You see, the maine (pun intended) ecological difficulty is that we don’t grow wheat, rye or barley for straw within 100 miles of here, but we do grow and cut local pine and hemlock and cedar lumber, and do so on a small and sustainable scale, and cheaply. Hemlock rough cut lumber retails from local mills for 45 c/board foot or less. That’s cheaper than regular studs from Home Depot.
Straw has to be trucked further and is expensive.
You can even cut your own lumber off your own land and mill it, or have it milled. 20 c per board foot is the growing rate.
Before buying land for any kind of house, the first question I’d ask myself would be how far I was willing to live from work. Unity is more expensive than other places. Jackson here, fifteen miles away, is cheap. We got our three acres with almost-too-far gone farmhouse for $60K. We had to rebuild it and add a new septic, but we paid around $85K total in the end.
Then I’d investigate the planning regulations in the towns I was willing to consider building in. You can often download those from the Town Office web sites.
Then I’d go looking for land. Be sure to get sloping land that has vegetation that grows only on well drained sites. Anyplace flat around here gets wet in spring.
The best house sites have all been built on before because the old timers were more plentiful in Maine than current rural residents. They knew to build on south facing slopes wherever there was soil. Pick a gently sloping southerly-facing site away from noisy roads and neighbors with some pockets of deep fertile soil, first and foremost.
Everything else is secondary.
You may have to buy an existing fixer-upper, and rebuild it or knock it down, to get a really good site, just because the best sites we picked two hundred years ago.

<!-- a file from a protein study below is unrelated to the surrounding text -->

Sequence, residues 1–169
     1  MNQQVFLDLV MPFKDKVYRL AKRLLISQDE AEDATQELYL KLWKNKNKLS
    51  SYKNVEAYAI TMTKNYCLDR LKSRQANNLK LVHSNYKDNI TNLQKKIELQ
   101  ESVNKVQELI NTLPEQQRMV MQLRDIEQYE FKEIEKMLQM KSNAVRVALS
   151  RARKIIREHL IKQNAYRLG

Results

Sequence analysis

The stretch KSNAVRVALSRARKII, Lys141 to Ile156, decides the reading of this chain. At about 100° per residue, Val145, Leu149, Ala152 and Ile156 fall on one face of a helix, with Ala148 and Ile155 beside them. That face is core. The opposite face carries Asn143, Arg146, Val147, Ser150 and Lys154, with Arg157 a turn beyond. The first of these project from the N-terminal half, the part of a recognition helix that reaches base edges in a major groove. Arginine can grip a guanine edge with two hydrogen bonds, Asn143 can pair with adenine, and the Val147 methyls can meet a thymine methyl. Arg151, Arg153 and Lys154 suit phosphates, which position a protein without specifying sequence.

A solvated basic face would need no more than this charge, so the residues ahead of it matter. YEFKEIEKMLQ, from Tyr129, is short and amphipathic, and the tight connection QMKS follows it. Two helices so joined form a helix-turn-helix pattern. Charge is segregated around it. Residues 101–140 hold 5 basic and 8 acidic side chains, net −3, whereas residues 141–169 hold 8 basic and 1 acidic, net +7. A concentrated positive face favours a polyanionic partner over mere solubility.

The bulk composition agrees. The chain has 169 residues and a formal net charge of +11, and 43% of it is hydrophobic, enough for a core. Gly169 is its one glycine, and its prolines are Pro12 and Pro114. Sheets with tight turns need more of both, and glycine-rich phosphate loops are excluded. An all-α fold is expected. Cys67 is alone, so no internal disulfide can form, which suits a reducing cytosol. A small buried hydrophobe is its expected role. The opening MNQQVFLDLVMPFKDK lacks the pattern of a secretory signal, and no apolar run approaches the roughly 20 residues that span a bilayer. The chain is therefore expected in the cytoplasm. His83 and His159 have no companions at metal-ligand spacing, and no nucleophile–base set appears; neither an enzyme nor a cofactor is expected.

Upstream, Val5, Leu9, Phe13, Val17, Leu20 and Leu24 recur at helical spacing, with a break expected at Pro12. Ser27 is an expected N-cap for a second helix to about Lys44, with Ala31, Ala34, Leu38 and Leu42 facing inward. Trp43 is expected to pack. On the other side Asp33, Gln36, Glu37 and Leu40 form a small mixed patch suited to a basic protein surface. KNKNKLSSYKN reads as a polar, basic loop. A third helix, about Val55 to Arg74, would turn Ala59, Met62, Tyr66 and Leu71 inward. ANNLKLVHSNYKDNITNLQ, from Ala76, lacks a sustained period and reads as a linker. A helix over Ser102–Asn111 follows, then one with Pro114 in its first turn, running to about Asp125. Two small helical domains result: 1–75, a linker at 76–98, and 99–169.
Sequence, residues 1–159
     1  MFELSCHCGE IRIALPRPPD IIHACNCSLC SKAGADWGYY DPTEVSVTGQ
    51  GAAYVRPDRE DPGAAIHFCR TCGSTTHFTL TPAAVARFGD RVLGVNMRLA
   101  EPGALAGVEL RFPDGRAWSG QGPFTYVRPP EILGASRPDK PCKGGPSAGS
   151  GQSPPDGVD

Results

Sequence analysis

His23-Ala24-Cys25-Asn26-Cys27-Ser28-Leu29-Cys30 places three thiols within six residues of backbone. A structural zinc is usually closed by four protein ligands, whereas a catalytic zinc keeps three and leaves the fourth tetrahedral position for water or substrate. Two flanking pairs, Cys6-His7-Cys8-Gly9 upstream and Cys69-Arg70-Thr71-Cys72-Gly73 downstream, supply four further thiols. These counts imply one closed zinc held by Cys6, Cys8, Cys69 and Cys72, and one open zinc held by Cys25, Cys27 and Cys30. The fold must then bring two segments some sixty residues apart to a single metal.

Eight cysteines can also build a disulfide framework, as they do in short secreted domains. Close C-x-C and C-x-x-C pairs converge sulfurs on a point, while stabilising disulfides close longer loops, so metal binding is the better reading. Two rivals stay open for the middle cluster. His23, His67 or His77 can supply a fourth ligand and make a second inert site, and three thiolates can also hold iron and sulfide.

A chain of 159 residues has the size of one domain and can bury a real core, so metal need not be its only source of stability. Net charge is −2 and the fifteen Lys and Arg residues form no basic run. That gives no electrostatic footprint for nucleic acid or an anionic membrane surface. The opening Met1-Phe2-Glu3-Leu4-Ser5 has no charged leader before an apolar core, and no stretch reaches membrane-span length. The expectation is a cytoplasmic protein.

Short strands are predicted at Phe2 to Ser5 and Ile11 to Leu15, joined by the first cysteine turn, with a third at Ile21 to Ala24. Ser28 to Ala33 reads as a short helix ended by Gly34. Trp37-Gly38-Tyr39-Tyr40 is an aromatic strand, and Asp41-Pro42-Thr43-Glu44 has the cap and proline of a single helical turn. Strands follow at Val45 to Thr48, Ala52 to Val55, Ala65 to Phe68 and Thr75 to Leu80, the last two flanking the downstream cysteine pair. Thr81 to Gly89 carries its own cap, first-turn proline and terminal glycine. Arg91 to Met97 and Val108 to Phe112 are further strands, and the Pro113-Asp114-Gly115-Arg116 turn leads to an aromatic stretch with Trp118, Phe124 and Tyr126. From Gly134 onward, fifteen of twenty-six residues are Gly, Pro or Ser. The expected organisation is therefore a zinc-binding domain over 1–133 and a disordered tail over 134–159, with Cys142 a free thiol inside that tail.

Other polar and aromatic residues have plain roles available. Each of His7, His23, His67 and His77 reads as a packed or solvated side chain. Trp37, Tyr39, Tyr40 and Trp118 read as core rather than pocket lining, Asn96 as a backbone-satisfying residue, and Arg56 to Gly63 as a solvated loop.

But if you get the right site, sunshine and peace and quiet and good growing soil will be there when you want them.
Aimee’s web page: scroll down to see the “new house”
High efficiency in walls and roof are important, but still secondary, after choosing a good site to build on.
We're at 44 degrees latitude here. The sun only climbs 23 degrees above the horizon in midwinter. When we built the bale house, we learned this lesson the hard way. Even with the best insulation, if you build in a site with poor aspect, you may not get the sun into your rooms for weeks or months. And with so little daylight in winter, that sunshine is essential for health, especially psychological health.
Since you and I began corresponding yesterday I've been noticing other people's house sites more, and I'm still struck by the difference between sites where the really old houses (150-200 years) and the relatively new ones are. In the country (not the small villages and towns where access to streets was more important), the older houses are much more often found on knolls and terraces. Houses built in the last hundred years are less likely to be so well sited. Part of this would have been simply that the best sites were used up, but once coal became widely available, it must have allowed builders to pay less attention to aspect. Oil heat, which is still what 71% of Mainers use, continued to foster the disconnect between Mainers and sunshine. But the old timers knew better, because they had to split their own wood, sometimes as much as twenty cords a year, so they wanted that sunshine.